Abstract and Keywords
This article examines the concept of biosemiotic criticism. It contrasts biosemiotics with the semiology of Ferdinand de Saussure and provides an overview of biosemiotics as a synthetic biological discipline. It describes how the emergence of biosemiotics widened the sphere of semiotic processes to embrace all living organisms on Earth and offers a perspective of what biosemiotic criticism might be. The article also considers attempts to develop models that would bridge biosemiotics (or semiotic thinking more generally) and cultural or literary criticism.
Biosemiotics, described in the most general way, is a discipline that examines sign processes, meanings, and communication in and between living organisms. Biosemiotic criticism could be defined as the study of literature and other manifestations of human culture with an emphasis on the biosemiotic understanding that life is, down to its most fundamental levels, organised by sign processes. A rather similar term—literary biosemiotics—was proposed by W. John Coletta in 1999,1 but I prefer biosemiotic criticism for the same reason that I believe ecocriticism should be favored over literary ecology: both paradigms strive to account for the environmental aspect of various cultural phenomena, not only literary works. The present essay gives a brief overview of biosemiotics as a synthetic biological discipline, draws up a list of possibilities for describing humans’ semiotic relations with their environment, and discusses some synthetic applications and models. It must be noted, however, that biosemiotics is a recent and quickly developing discipline that is still negotiating its theoretical base and conceptual framework. The present essay develops a perspective of what biosemiotic criticism might be, but the reader should be aware that alternative possibilities exist.
Introduction to Biosemiotics
For most people in the humanities, at least in Europe, the word semiotics is associated, first of all, with the structuralist tradition, the semiology of Ferdinand de Saussure, the Prague linguistic circle, Louis Hjemslev, Claude Lévi-Strauss, Roland Barthes, and other representatives of the same tradition of thought. On the other hand, biosemiotics relates to another tradition of thought that, inside of semiotics, has become more and more eminent in the recent decades. This tradition proceeds from the semiotics of the American philosopher Charles Sanders Peirce and has been elaborated by his students or followers Charles W. Morris, Thomas A. Sebeok, Jesper Hoffmeyer, John Deely, and many others. The central concept for this tradition (or semiotics proper as (p. 261) opposed to semiology) is the concept of sign, or its dynamical aspect—semiosis, that in the most general way can be described as a mediated relation or mediated change. To pick one among the many definitions of sign by Peirce, a sign is “something which stands to somebody for something in some respect or capacity.”2 As to semiosis, Peirce has described it as “an action, or influence, which is, or involves, a cooperation of three subjects, such as a sign, its object, and its interpretant, this tri-relative influence not being in any way resolvable into actions between pairs.”3 Peirce’s complex terminology remains outside the scope of the present article; let it simply be noted that Peirce’s semiotics deals with the mediated or triadic relations (as being opposed to dyadic or physical relations between objects). Unlike European semiology, which focuses on sign structures or systems, Peircean semiotics is also capable of dealing with various local sign relations in nature. There are various examples of such relations in nature that have sign property: for instance, courtship feeding where a female passerine displays a begging behaviour with flapping wings, head, and neck bended down and beak opened that may be a sign of dependency relationship and relates to the feeding behavior of chicks; or replacement behavior in which a kitten who plays with a ball of yarn and bites it as if it were a prey animal is at the same time also aware of the difference and does not try to eat the yarn.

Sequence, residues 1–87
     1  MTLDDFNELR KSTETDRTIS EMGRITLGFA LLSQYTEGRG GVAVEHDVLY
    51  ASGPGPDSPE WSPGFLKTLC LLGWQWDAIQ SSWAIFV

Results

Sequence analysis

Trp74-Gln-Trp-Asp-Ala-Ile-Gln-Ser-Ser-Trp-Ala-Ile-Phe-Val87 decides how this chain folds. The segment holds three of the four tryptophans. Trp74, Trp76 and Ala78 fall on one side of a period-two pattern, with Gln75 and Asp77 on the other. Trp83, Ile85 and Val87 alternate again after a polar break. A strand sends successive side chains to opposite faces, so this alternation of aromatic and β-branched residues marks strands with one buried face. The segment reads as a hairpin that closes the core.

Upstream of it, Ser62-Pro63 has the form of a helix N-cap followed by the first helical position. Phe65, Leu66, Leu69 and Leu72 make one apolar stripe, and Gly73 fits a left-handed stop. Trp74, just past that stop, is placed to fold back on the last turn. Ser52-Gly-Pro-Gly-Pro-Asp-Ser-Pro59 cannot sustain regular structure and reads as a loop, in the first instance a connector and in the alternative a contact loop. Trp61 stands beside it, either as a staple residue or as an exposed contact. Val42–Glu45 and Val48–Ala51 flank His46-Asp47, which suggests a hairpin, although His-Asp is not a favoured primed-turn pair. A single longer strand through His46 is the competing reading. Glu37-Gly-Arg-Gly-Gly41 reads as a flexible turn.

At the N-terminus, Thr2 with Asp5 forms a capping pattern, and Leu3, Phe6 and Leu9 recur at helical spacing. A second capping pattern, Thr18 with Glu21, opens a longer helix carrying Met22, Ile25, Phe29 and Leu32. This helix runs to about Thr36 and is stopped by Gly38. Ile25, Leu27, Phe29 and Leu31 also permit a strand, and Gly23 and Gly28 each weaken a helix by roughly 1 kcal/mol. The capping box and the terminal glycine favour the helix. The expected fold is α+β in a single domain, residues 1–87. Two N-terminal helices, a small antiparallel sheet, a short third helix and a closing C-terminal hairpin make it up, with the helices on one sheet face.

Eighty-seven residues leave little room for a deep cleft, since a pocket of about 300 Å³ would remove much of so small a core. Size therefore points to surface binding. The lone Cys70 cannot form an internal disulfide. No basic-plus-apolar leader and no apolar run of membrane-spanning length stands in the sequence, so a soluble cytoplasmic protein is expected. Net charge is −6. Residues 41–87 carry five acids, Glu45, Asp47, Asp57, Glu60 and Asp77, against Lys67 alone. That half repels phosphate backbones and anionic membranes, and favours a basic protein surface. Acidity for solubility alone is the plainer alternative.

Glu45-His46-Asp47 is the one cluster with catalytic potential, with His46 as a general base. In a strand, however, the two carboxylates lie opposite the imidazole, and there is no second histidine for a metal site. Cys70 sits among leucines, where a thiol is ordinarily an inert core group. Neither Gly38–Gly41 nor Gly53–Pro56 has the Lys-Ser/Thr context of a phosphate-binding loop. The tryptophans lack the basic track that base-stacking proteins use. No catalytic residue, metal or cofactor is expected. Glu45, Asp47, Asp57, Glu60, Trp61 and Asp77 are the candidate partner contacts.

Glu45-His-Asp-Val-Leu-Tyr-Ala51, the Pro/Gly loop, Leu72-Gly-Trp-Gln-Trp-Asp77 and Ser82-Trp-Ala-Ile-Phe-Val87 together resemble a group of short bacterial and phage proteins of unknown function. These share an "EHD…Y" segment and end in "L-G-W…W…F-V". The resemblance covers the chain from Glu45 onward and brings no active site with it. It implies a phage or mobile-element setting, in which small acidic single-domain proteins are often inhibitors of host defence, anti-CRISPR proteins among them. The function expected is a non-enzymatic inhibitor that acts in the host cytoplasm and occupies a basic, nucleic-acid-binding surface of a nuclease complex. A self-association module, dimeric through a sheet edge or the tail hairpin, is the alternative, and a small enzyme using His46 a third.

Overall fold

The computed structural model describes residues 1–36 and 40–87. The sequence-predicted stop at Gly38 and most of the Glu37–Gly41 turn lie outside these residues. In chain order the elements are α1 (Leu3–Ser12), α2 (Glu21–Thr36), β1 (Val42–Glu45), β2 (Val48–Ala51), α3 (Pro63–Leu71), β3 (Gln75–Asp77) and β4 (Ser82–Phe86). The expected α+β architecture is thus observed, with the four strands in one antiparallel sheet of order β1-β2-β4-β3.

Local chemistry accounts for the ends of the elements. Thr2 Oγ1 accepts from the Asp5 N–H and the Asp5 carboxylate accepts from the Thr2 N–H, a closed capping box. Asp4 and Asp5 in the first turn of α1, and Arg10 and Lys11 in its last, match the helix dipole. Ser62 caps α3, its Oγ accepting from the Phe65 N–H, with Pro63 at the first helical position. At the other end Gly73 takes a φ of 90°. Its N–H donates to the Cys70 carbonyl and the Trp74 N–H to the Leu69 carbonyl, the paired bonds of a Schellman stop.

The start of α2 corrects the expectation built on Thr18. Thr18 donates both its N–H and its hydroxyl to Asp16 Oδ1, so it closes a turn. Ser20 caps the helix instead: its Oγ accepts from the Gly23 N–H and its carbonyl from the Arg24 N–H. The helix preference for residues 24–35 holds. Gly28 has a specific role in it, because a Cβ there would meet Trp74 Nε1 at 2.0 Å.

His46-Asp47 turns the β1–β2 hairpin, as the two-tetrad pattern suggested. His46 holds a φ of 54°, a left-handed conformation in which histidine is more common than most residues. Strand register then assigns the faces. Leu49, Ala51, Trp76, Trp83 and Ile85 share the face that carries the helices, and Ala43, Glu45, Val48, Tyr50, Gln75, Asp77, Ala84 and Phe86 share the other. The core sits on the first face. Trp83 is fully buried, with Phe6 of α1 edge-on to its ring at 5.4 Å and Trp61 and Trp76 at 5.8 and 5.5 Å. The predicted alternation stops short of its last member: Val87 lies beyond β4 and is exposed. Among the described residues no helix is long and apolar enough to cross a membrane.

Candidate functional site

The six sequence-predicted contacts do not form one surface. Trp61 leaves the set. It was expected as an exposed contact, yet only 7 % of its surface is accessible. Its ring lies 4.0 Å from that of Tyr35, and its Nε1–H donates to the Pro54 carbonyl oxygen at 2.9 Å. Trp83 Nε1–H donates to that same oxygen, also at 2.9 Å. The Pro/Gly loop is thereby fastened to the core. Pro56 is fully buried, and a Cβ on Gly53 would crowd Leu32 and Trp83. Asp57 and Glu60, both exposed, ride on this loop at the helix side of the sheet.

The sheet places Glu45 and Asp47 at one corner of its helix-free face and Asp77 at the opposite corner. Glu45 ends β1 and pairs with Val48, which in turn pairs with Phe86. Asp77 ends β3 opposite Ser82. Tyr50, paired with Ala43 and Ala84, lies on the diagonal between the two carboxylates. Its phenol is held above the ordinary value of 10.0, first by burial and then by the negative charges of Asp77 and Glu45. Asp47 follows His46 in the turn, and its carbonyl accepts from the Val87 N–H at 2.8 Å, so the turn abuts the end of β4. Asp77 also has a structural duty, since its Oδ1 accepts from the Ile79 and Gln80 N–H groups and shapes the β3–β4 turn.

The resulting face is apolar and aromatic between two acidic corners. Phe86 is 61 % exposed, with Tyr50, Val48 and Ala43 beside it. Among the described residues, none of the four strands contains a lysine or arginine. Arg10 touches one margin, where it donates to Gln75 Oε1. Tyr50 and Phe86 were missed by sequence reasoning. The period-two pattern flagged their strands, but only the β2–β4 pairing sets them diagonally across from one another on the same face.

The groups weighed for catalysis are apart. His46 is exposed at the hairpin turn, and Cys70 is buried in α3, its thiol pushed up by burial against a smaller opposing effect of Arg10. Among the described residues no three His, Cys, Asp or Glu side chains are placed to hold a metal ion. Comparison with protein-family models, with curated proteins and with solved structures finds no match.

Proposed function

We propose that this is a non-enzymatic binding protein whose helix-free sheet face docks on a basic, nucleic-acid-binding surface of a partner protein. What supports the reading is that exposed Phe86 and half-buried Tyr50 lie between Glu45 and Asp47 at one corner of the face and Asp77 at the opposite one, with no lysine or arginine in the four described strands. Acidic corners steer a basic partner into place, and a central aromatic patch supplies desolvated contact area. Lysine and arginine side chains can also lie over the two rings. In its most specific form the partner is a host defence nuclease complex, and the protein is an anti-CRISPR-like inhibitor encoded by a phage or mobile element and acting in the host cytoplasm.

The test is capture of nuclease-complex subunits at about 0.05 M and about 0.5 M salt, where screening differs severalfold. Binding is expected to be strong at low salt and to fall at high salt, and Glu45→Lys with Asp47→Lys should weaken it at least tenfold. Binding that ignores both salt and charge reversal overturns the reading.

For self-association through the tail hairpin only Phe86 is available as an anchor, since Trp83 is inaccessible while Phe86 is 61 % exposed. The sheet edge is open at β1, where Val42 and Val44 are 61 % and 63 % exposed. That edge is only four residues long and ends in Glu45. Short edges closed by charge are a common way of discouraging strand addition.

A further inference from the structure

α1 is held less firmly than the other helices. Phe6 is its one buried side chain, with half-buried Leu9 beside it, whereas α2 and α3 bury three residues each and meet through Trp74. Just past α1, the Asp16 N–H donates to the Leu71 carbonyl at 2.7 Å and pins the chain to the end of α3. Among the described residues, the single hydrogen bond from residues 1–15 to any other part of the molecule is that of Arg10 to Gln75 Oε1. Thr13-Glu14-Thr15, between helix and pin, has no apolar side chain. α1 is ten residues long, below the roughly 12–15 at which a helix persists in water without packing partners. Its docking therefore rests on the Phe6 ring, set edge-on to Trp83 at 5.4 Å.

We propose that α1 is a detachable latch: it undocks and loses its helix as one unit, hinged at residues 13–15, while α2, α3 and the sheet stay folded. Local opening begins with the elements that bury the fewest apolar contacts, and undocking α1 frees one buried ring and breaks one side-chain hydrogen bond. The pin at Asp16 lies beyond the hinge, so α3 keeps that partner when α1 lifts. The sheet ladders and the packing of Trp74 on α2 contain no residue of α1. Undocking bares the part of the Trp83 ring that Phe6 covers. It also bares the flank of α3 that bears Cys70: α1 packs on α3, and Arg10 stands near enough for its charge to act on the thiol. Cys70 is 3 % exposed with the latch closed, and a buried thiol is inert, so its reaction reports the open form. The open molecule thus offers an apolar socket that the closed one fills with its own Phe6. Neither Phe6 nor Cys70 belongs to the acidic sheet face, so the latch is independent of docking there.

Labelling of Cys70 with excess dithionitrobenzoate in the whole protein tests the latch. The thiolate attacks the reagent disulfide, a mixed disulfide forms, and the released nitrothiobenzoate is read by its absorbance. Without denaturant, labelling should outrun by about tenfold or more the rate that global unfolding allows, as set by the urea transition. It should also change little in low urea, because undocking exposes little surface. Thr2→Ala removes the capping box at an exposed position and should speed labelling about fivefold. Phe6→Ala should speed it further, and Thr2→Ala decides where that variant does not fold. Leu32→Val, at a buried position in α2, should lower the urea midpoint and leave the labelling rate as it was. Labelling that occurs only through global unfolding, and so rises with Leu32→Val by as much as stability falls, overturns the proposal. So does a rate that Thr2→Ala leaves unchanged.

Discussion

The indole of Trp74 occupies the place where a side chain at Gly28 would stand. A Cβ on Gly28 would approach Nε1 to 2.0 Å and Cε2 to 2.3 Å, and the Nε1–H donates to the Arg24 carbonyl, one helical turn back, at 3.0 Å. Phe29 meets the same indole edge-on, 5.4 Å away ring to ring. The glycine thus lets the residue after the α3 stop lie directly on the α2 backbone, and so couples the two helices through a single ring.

Another important source for biosemiotic paradigms has been the meaning-centred Umwelt theory of the Baltic-German biologist Jakob von Uexküll (1982, 1992).4 He has described an animal and that part of the environment it lives in as mutually coupled through meaning relations containing perception and action and through correspondence between animal body forms and environmental objects. Uexküll argued that those and only those parts of the environment meaningfully linked with an animal are present for it and are contained in its subjective universe or Umwelt. Nature, in Uexküll’s view, is construed by meaningfully connected perception and action points of different animal species, or points and counterpoints, as he borrows musical terms for expressing this holistic understanding. While Peircean semiotics provides biosemiotics with a view of relational signs capable of connecting organisms and objects in the environment, Uexküll’s theory of meaning allows sign processes to be grounded in bodily and biological organization but to be also seen in the framework of ecological relations that connect animal species and bind together ecosystems.